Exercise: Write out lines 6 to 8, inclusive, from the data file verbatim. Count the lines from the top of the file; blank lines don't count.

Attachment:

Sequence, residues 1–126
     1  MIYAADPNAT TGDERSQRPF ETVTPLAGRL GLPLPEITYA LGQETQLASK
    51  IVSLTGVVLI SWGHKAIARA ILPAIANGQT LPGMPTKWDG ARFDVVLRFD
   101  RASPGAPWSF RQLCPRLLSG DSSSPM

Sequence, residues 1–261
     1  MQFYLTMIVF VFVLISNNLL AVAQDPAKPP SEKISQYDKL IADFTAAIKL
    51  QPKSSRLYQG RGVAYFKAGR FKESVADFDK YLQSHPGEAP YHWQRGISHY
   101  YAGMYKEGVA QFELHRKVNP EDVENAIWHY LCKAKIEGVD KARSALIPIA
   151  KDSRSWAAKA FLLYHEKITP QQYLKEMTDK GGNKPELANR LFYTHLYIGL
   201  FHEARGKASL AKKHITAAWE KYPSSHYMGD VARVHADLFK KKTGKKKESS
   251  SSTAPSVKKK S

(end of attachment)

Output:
     1  MQFYLTMIVF VFVLISNNLL AVAQDPAKPP SEKISQYDKL IADFTAAIKL
    51  QPKSSRLYQG RGVAYFKAGR FKESVADFDK YLQSHPGEAP YHWQRGISHY
   101  YAGMYKEGVA QFELHRKVNP EDVENAIWHY LCKAKIEGVD KARSALIPIA